In Woody Allen’s story “The Kugelmas Episode,” a bald, hairy, soulless New York Jew, “professor of humanities at City College,” solves his mid-life crisis with the help of a magician named The Great Persky. By entering Persky’s magic cabinet with a copy of Madame Bovary, Sidney Kugelmas is transported into the world of Flaubert’s novel and has a torrid affair with its protagonist, who is desperate for love and hasn’t yet met the dashing Rodolphe. Later, Kugelmas brings Emma Bovary to New York, but finds her exhausting and expensive. Persky returns her to her novel, and tries to send Kugelmas into Portnoy’s Complaint but has a heart-attack and dies in the process, having accidentally sent Kugelmas into Remedial Spanish instead. The story ends with Kugelmas on the run, pursued by a “large and hairy irregular verb.”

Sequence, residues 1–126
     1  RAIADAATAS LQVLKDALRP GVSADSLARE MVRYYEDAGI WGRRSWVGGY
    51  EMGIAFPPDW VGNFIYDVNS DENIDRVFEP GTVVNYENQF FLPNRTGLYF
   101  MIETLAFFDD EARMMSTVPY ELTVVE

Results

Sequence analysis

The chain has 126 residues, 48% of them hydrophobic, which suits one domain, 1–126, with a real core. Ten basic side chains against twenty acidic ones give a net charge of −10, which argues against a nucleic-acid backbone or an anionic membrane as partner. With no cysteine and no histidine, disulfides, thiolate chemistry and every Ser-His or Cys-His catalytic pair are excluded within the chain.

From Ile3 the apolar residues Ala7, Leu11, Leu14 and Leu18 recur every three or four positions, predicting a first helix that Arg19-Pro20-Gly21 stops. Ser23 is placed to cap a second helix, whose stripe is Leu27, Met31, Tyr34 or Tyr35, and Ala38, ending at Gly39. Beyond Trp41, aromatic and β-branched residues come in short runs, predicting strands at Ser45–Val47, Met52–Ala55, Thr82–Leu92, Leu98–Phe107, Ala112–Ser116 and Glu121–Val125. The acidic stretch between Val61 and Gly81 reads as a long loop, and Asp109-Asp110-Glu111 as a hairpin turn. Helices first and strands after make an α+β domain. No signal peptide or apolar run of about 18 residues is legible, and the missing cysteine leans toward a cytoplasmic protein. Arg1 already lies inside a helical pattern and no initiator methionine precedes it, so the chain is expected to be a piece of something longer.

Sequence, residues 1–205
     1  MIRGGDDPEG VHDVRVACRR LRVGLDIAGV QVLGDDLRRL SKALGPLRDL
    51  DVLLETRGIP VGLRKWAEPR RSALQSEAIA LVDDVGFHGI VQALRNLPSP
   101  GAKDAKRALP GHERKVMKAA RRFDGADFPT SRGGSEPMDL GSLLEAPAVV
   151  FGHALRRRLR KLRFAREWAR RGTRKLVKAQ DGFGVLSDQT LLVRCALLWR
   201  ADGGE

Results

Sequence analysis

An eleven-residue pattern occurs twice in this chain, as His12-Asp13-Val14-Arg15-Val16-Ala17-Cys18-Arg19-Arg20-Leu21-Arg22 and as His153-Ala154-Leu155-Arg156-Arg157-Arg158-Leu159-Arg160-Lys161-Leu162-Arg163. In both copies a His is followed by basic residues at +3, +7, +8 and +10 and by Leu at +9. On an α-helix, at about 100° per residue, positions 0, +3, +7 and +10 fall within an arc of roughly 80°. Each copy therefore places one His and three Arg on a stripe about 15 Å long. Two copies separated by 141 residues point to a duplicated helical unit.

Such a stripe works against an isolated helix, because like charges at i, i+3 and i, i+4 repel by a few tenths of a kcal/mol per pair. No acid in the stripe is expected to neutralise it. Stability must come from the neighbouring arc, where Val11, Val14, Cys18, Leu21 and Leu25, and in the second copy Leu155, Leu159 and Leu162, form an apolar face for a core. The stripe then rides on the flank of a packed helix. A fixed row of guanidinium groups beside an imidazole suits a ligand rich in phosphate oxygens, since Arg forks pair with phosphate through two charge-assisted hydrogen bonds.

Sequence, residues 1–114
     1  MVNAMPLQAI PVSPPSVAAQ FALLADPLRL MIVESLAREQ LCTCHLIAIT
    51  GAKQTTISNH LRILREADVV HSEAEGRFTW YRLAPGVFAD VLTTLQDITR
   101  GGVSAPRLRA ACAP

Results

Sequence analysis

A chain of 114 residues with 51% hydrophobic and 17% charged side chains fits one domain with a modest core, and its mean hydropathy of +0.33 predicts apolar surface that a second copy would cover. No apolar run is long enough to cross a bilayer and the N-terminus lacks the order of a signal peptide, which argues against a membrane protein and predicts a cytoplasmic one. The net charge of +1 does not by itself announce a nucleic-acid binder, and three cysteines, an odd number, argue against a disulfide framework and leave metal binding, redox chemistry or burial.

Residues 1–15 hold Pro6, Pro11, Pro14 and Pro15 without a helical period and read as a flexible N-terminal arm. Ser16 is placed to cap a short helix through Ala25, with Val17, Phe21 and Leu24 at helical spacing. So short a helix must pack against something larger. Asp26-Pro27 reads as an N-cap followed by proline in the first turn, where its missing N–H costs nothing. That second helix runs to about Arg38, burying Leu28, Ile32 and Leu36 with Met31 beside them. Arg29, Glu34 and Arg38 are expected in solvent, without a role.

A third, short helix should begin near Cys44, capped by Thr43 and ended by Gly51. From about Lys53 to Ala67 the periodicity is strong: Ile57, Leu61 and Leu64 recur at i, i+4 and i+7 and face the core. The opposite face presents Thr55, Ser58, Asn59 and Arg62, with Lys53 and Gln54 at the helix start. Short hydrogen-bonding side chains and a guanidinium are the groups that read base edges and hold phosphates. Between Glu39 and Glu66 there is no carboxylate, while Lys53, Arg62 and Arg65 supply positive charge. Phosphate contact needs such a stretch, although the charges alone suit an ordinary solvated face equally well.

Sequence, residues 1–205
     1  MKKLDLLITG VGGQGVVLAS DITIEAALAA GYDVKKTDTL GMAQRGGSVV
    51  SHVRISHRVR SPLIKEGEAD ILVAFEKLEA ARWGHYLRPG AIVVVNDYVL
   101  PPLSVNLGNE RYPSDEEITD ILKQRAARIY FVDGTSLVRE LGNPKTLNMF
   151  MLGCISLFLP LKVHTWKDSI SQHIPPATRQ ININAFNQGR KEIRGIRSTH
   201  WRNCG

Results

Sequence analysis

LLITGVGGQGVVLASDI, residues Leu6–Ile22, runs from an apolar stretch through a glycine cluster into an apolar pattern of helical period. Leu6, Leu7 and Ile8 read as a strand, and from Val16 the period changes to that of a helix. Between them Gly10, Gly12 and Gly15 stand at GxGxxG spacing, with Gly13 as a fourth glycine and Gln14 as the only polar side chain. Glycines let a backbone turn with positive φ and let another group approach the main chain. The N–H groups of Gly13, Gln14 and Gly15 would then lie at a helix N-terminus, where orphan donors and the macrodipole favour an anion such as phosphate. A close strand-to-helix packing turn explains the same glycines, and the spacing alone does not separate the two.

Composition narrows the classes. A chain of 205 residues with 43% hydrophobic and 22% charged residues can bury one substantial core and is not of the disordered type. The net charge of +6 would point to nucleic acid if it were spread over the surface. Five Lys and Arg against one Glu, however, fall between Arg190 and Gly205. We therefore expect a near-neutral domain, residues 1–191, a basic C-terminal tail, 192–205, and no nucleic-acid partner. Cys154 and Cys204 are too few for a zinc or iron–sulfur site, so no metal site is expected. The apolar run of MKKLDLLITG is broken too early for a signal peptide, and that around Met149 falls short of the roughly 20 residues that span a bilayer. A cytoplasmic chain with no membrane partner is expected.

John Bunyan, though not without his own sense of humor, was an altogether more serious writer than Woody Allen. Like Sidney Kugelmas, however, Bunyan had the remarkable ability to transport himself into and live inside his favorite book, in his case, the Bible. Bunyan is hardly the first writer to be profoundly influenced by the Bible, nor is he the first to allude to it frequently and intensively in his writing. In English literature alone, writers had been alluding to, paraphrasing, and adapting the Bible from the Anglo-Saxons on. Some of these writers, like Edmund Spenser, may have influenced Bunyan’s own practice. The first book of Spenser’s The Faerie Queene is a complex allegory of St. George (stepping in for the biblical Michael) aiding Una (the Church?) in rescuing her parents, King Adam and Queen Eve, from a dragon. We know Bunyan enjoyed Romances, like the popular Bevis of Southampton, so it seems hard to believe he wouldn’t have relished a Romance that was also inherently biblical, and Protestant. Indeed, comparisons of Pilgrim’s Progress to Book 1 of The Faerie Queene date back at least to Samuel Johnson. Yet Bunyan’s manner of biblical allusion goes beyond Spenser’s. Christian’s pilgrimage to the Heavenly City, followed later by that of his wife and children, not only alludes to the Bible at certain points, it seems like a journey through Scripture itself.